Abraham Stokman

Faculty, Music Institute of Chicago

Abraham Stokman was born in Tel Aviv, Israel, where he began his piano studies at the age of six.  He came to the United States at the age of 12, when he was offered a scholarship from the Julliard School in New York City, where he obtained his bachelor's and master's degree with his teacher, Edward Steuermann. For five years, he served as a vocal coach at the Juilliard's opera department.  Then in the ensuing years, he proceeded to give solo and chamber concerts at the United States and Canada. In 1969, he moved to Chicago and became the artist-in-residence and assistant professor at the Chicago Musical College of Roosevelt University for six years, and subsequently served as chairman of the piano department at the American Conservatory of Music in Chicago.

Mr. Stokman has scored brilliant successes in solo recitals at the Alice Tully Hall, the Town Hall in New York City, the Gardner Museum in Boston, the Phillips Gallery in Washington, and Mandel Hall in Chicago, as well as universities across the country. He was featured as soloist with many orchestras around the country, but most notably with the Chicago Symphony Orchestra.  For many years, he collaborated with the Steinway Company in bringing classical piano music played on a good instrument to the Chicago Public Schools. He gave piano recitals in different schools in Chicago and the Steinway Company provided a Steinway grand for the concerts. This was a huge success with school children, especially in the south side, many of whom may not have ever heard classical music. He also participated in a series of chamber music concerts with members of the Chicago Symphony Orchestra given throughout the Chicago area. He helped start the Mostly Music series by playing the first opening concerts for them. In the spring of 1991, he was a guest artist in the first Irving S. Gilmore International Keyboard Festival in Kalamazoo, Michigan, where he premiered "Fluxus IX" a work written for him by Ramon Zupko. On the same program, he performed "Verticals" by Shulamit Ran, who won the Pulitzer Prize that same year.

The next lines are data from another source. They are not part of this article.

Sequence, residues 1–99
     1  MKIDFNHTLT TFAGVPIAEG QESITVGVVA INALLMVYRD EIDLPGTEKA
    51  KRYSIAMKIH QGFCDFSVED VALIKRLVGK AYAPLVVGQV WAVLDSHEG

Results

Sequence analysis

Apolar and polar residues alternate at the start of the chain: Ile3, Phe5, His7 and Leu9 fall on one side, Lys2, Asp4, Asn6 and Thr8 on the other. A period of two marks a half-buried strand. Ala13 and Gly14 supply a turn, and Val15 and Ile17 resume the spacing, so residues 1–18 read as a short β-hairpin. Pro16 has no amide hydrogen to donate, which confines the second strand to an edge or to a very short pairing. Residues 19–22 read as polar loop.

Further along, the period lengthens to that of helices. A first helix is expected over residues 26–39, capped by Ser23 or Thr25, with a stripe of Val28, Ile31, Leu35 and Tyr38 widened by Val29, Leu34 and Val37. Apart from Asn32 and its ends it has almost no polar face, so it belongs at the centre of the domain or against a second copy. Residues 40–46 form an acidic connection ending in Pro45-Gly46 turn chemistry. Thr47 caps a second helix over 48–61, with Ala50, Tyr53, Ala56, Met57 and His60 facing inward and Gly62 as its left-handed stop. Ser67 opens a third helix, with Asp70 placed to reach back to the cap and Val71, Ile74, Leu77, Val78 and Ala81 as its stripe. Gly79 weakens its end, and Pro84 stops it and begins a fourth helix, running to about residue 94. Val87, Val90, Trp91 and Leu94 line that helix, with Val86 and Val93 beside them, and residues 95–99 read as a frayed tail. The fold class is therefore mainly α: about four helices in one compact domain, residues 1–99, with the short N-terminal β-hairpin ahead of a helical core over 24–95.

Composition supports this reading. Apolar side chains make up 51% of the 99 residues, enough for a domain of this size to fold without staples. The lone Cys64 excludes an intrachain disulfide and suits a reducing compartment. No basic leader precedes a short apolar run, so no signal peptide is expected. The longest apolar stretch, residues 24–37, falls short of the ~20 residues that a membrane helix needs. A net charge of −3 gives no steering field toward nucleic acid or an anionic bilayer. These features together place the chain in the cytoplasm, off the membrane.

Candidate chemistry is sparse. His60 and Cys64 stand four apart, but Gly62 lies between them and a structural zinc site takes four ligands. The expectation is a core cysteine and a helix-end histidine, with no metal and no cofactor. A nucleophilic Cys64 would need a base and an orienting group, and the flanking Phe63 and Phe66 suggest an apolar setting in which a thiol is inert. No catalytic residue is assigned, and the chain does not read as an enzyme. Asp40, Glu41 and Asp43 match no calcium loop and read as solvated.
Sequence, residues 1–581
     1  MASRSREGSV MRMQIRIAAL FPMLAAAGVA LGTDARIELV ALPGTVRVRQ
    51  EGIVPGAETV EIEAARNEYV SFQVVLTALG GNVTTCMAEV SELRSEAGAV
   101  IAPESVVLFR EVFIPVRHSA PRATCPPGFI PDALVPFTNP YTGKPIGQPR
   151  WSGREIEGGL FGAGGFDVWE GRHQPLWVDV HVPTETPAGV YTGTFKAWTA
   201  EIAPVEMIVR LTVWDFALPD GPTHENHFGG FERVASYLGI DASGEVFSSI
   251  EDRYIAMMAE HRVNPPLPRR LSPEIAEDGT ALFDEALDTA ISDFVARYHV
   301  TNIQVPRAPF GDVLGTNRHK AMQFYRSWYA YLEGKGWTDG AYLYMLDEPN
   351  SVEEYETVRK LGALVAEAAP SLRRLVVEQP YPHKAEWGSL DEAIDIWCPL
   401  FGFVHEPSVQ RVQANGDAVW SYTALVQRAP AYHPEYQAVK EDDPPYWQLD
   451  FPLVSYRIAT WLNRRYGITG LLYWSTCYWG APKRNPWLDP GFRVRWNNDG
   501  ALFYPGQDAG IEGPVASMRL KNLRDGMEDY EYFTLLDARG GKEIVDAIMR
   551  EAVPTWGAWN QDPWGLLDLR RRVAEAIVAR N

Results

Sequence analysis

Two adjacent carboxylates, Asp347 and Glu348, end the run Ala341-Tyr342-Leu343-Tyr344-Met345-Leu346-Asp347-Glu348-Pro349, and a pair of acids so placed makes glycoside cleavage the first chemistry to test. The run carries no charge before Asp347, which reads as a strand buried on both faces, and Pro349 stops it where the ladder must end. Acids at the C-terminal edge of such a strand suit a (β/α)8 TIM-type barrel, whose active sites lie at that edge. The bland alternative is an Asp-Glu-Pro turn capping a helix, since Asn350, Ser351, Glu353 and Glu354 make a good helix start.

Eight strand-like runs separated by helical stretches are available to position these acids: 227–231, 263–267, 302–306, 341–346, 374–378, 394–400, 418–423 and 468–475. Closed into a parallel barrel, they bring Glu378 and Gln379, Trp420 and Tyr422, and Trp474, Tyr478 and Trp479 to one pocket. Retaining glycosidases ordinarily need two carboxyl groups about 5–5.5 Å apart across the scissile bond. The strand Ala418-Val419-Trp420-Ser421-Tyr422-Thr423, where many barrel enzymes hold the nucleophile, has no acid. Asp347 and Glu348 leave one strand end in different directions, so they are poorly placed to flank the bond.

Mr. Stokman has always been a champion of contemporary music. He was a member of the Contemporary Chamber Players with Ralph Shapey for many years, and has played for CUBE through the years.  He has premiered a lot of music and composers, Robert Lombardo, John Austin, Ramon Zupko, and Ernst Krenek have written works especially for him.  He premiered Ramon Zupko's piano concerto, "Windsongs" with the Kalamazoo Symphony Orchestra in Michigan.  He performed this same concerto at the Kennedy Center in Washington D.C., and with the American Composers Orchestra in New York's Lincoln Center.

Mr. Stokman has recorded Ramon Zupko's music for CRI, as well as a CD of twentieth century American piano music for Centaur records, featuring music of William Karlins and Howard Sandroff.  He also recorded "Hyperbolea" on a CD of Music by Shulamit Ran. Other recordings include "A Kurt Weil Cabaret" with singer Martha Schalamme for MGM, and "Songs from the Magic Door" with Charles Gerber.

Mr. Stokman is currently teaching piano and improvisation at the Music Institute of Chicago, where he has founded the contemporary music series, "Music for a While" For the past ten years, this series has featured contemporary composers and their music, presented in a format that made their music more accessible to the audience. Most performers that play in this series are from the faculty of the Music Institute. Some advanced students are coached and asked to participate in these concerts. After all, they will be the future performers of modern music.

The rare art of Piano Improvisation will be featured
in a special concert this Friday night (November 19)
with Abraham Stokman, pianist,
held at the Music Institute of Chicago's Evanston campus
at 1490 Chicago Avenue (corner of Grove Street).

This Casual Fridays concert
will begin with a wine and cheese reception
from 5:30-6:30, and then
the Improv Concert from 6:30 to 7:15.

Tickets are $15 general admission, $10 students/seniors.

back to competition judges' page